• omg, the lead soldiers! Can you imagine anyone now having that toy? “Here you go, kids! Melt some lead and pour it into molds to make soldiers.”

  • My favorite aunt was an honorary aunt. Aunt Kay was my mother’s closest friend and my godmother. She was fun and there was always a party at her house.
    My mother brother and I would spend summers in the Poconos without a car. Aunt Kay would pick us up in a WW2 jeep with no sides and a red and white striped roof with fringe. There were no seat belts so we would have to hold tight going around corners.

  • My favorite aunt was actually my great aunt Annabelle. Nothing flashy, no intimate bond, but she was always there, always reliable, always included us and always made us family. Kind of like Aunt Bea or Aunty Em.

  • I had an interesting childhood as my adopted mother was from England but her sisters were born in Brazil. My aunt moved to Boston with her husband. He was studying there. They lived in an apartment they rented on the third-ish floor of an elderly lady’s home. My brother and I.were there for the Bi Centennial. She made the best lemonade and the trendy pizzas today, well she was way ahead of her time. She also took us to some really cool restaurants representing foods we had never heard off. Aunt Barbara thank you for those memories.

  • my mother’s sister, Louise

  • My Aunt Dorothy was my inspiration and my savior. She loved me like my Mother could not. Until she died at age 84 she remained my respite. I will always miss her

  • My favorite aunt lived in Germany. I only got to meet her a couple of times, but she was absolutely wonderful. She and my uncle came over here for visits of usually 6 to 8 weeks. During that time we were together almost constantly. Patient loving, always willing to spend time. I don’t have many regrets, but one was that she didn’t live closer.

  • My Aunt Arlis was an ‘eat dessert first’ kind of person, a philosophy I’ve tried to follow to bring more joy and fun to my life.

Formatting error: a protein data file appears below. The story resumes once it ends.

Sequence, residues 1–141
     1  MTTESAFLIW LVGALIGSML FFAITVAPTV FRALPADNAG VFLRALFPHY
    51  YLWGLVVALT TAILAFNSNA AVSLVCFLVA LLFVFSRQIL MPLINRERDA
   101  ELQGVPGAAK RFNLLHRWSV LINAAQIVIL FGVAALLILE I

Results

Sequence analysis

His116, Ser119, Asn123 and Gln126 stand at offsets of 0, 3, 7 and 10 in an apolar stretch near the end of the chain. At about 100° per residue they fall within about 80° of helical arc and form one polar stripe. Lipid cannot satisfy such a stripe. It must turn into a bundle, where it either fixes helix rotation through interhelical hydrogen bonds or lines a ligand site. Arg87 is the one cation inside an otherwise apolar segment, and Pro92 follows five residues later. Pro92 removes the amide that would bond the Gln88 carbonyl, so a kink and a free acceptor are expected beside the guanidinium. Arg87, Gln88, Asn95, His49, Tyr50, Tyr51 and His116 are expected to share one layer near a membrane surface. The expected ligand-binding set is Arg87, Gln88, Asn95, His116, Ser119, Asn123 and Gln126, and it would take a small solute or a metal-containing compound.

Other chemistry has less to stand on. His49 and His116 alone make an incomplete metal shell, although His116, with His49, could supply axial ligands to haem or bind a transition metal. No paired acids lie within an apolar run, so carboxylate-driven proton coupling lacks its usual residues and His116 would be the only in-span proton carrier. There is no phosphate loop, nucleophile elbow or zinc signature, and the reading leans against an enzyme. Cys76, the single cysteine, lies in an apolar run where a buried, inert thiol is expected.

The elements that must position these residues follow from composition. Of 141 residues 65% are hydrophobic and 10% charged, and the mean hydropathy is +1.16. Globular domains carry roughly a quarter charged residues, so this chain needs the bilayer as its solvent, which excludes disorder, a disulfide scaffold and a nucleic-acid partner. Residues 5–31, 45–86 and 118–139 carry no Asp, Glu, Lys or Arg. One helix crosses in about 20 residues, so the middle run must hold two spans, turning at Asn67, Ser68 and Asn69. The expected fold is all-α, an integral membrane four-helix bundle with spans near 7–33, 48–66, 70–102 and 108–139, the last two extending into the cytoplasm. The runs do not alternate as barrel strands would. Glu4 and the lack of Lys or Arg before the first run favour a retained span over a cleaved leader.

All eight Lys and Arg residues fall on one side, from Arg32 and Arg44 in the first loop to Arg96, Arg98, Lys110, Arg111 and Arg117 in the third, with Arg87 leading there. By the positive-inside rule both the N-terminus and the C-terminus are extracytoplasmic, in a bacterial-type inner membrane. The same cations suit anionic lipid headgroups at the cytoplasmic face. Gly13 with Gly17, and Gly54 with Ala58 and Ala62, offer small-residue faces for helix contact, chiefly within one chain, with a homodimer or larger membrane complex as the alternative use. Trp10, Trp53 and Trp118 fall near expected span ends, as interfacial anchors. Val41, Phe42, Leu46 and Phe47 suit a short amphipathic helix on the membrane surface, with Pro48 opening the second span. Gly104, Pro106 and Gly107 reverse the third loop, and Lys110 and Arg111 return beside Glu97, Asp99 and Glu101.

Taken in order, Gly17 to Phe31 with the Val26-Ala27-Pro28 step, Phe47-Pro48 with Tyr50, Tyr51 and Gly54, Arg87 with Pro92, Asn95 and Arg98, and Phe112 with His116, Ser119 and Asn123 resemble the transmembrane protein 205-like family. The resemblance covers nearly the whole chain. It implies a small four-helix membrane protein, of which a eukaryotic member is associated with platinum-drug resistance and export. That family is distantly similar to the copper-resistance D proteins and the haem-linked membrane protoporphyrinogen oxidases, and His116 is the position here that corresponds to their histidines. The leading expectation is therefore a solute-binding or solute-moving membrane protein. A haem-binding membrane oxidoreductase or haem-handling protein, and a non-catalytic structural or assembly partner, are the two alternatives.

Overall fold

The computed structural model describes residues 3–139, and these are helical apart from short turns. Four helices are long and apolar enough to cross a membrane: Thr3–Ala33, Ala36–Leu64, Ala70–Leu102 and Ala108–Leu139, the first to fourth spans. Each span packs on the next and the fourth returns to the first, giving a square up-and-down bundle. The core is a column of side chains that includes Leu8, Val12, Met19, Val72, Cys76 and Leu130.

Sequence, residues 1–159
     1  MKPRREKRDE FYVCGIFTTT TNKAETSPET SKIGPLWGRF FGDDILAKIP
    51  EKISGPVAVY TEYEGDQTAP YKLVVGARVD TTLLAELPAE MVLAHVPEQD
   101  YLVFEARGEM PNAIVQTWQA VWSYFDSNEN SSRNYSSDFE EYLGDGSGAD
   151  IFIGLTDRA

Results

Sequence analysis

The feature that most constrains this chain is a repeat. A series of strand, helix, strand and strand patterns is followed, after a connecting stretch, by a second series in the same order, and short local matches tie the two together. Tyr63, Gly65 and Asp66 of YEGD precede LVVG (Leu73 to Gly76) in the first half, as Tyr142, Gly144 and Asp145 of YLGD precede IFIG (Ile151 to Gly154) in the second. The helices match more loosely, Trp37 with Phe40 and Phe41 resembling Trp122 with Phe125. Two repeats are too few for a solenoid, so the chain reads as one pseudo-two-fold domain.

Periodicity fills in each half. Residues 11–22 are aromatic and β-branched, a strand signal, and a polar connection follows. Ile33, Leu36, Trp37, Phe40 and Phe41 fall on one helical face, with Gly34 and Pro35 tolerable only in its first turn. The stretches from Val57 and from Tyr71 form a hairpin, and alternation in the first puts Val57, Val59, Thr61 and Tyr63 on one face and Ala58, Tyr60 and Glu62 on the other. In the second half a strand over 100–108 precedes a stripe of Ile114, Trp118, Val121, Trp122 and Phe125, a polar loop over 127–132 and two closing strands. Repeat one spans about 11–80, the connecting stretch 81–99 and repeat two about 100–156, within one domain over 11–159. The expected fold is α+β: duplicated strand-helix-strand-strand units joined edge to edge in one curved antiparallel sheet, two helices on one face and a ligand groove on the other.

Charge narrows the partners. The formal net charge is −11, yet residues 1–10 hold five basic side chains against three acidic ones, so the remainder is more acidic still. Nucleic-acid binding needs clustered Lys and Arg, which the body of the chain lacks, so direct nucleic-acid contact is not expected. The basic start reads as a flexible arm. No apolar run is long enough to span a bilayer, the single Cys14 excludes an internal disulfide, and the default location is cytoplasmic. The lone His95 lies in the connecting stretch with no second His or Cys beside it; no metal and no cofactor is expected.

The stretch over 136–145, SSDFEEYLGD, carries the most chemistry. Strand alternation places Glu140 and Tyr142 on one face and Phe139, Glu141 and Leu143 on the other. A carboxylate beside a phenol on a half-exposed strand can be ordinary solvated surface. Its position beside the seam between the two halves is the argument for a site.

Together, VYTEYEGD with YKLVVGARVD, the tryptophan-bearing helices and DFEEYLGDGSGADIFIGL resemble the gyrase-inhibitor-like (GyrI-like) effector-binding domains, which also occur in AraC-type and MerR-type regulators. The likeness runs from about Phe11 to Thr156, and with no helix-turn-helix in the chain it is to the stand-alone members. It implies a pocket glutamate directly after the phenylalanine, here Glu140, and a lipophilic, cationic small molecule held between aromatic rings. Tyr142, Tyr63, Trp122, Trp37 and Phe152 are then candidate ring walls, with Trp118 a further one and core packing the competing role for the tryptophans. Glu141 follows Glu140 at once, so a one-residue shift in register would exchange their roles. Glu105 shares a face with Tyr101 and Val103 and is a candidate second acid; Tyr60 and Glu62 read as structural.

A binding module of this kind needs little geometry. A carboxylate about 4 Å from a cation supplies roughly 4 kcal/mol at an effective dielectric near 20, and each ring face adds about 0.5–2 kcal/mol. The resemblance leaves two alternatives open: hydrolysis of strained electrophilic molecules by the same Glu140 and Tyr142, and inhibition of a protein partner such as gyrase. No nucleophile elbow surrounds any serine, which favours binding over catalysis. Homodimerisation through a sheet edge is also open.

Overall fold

• Aunt Pauline was amazing. She was married to my dad’s oldest brother. She was a creative crafty person who always fed us everything she had made from scratch.

  • My Aunt Laney – my mother’s sister. She’s feisty and funny and always speaks her mind.

  • I have about 40 nephews and nieces – big family – well I don’t play obvious favorites, I’ve got a 13 year old nephew who is super

  • Aunt Polly! My Dad was the youngest, by 15 years, of eight kids. They grew up very poor at the base of the Smoky Mountains in North Carolina. She loved you thru food – you never, ever went hungry at Aunt Polly’s and she made everything from scratch. I am now 63 years old and can still taste the hand cranked peach ice cream she would make while we all sitting on the front porch, or the amazing green beans she would can every season. A big bowl of strawberries from her garden with fresh cream. My Dad was killed in Vietnam when I was 5 1/2. Aunt Polly was more like a Mom to my Dad, than a sister. She always talked to me about my Dad and what he was like when he was a boy – that he loved roller skating, strawberries, and how much he loved me and my little sister. Aunt Polly lived until she was 97 years old. I know my father because she made sure that she shared her memories of him with me. She taught me that loving your family and telling them and showing them that love every day is more important than material things, will last a lifetime and will be passed on to the next generation.